Ferdin Liçaj, is forestry engineer and has a long experience in training families on collecting and harvesting practices of wild herbs. He has been working for many agencies like World Bank, GIZ, etc. Ferdin also deals with quality control.
Ismail Xhaja, trader of herbs, with more than 30 years of experience in this sector is a key trader within Sonnentor company.
The conventional system of medicinal and aromatic trade is responsible for improper collection of herbs, especially before the maturation or full development, intensive harvesting which is very critical when roots are harvested, improper techniques which damage the reproduction basis, improper storage methods, failure to comply with the quotas and list of species forbidden to collect, illegal cuts in the forests, over-harvesting in the forests, etc. These practices are having an impact on the sustainability and quality of the products, damaging the good name of Albania in the international market. Herb collectors should be aware of the influence of the reduction of the herb sources on the security of their life.
Harvesters and collectors do not possess the adequate technical knowledge and the necessary capitals to improve the business activity. This causes excess environmental pollution, improper storage and processing facilities, grading, cleaning and drying are not carried out according to technical conditions, impurities during transport and storage, failure to comply with the technical demand and absence of quality control laboratories.
In summary, some of the most common faced difficulties are:
- changing the attitude of poor and inadequately educated collectors and harvesters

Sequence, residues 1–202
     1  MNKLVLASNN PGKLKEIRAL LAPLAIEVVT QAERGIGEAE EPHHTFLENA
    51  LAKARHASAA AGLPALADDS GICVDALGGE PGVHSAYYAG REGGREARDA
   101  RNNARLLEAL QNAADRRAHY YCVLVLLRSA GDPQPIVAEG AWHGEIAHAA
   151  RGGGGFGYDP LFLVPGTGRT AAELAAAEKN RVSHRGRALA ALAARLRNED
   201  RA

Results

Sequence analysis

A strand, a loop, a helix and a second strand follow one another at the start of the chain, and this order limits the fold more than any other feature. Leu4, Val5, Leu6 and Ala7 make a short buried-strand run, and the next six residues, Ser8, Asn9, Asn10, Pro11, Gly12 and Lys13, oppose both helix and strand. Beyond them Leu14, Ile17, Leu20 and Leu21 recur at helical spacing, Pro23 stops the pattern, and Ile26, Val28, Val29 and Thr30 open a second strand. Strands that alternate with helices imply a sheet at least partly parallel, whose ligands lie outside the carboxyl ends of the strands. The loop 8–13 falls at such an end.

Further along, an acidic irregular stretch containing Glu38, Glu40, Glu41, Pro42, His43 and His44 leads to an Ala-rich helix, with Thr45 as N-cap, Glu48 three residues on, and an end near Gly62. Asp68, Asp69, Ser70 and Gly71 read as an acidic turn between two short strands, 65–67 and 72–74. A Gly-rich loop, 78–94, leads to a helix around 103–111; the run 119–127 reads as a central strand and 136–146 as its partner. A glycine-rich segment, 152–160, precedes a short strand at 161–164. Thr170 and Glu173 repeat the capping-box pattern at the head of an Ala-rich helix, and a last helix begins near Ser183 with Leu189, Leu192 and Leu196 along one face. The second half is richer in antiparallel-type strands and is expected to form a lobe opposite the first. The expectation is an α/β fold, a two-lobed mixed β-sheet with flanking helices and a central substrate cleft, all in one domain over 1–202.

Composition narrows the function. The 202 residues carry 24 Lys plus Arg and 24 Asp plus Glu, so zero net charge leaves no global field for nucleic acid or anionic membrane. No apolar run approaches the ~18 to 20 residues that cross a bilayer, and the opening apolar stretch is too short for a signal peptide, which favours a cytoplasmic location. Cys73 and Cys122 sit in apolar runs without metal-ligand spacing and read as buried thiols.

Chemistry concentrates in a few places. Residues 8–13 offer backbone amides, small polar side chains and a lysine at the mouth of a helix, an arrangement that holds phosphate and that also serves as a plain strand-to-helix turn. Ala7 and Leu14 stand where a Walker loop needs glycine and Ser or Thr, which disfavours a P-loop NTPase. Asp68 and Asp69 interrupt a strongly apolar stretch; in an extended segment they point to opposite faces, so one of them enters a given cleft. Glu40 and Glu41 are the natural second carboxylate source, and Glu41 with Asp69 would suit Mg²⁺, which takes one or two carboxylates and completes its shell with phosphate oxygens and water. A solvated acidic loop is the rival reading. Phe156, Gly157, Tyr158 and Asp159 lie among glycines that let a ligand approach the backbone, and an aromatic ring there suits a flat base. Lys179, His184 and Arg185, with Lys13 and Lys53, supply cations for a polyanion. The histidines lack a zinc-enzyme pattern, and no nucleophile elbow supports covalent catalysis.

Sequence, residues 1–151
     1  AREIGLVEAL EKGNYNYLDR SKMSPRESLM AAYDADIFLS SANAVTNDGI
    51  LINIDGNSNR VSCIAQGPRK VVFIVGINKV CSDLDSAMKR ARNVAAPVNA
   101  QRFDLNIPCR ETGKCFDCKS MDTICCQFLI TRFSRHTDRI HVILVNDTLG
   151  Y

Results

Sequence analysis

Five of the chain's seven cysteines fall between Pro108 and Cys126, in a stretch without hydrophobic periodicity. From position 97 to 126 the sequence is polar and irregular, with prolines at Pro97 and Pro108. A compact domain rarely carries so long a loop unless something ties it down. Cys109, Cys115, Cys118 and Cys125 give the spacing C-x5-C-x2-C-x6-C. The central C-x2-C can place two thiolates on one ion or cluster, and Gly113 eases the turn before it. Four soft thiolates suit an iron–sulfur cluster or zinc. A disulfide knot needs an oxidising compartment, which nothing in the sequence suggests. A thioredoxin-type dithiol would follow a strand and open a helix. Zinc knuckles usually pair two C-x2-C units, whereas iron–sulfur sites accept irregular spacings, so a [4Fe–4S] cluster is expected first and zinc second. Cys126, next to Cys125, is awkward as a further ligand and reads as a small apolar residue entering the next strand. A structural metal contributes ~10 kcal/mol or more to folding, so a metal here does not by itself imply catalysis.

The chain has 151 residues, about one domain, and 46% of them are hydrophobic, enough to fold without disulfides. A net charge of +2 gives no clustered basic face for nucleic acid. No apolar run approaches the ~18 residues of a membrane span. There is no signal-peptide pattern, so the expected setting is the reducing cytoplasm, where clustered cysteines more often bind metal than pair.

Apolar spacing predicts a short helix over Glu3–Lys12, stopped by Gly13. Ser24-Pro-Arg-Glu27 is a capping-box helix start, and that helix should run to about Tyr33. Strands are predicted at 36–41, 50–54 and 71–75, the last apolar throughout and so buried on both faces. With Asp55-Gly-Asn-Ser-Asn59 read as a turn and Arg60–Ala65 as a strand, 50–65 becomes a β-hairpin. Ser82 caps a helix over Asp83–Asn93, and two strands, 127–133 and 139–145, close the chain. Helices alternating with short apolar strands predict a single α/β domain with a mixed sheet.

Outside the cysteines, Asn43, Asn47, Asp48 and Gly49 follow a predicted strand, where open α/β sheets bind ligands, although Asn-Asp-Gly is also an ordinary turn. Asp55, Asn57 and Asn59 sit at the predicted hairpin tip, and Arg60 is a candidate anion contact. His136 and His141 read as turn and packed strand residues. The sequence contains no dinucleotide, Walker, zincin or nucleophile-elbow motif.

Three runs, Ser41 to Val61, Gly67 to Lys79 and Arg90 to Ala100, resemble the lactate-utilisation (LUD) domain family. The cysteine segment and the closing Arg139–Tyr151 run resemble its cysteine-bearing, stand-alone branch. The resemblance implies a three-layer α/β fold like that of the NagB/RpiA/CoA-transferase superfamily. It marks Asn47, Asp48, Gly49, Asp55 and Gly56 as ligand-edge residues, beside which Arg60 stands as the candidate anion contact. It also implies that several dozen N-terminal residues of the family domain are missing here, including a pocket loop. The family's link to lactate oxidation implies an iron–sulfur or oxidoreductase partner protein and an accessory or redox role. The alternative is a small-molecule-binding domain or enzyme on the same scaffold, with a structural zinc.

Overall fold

- problems in quality harvesting and drying;
- identifying honest entrepreneurs and farmers willing to adopt organic farming technology for herb cultivation
- lack of advanced facilities and technology since much of the drying operations are hand made
The most important environmental component of this best practice is related to improved biodiversity of the areas where these wild herbs are grown. Positive effects relate to erosion control and soil quality. Moreover, the organic by-products deriving from the processing of herbs are composted and returned into the soil in the form of compost.
Sonnentor Albania has been quickly expanding its activities in many districts in the country. In fact, thanks to its good reputation and fair contracting prices, there are farmers themselves requesting collaboration.
Sonnentor disseminates its experience mostly through personal contacts with its stakeholders. Additionally simple “on-the-ground” practical workshops and seminars are organized frequently to train all those interested to engage in collecting and harvesting wild herbs. The company is developing lastly a video documenting the whole process from planting to harvesting of many herbs that would be available on its web page and will serve as a best way to disseminate knowledge.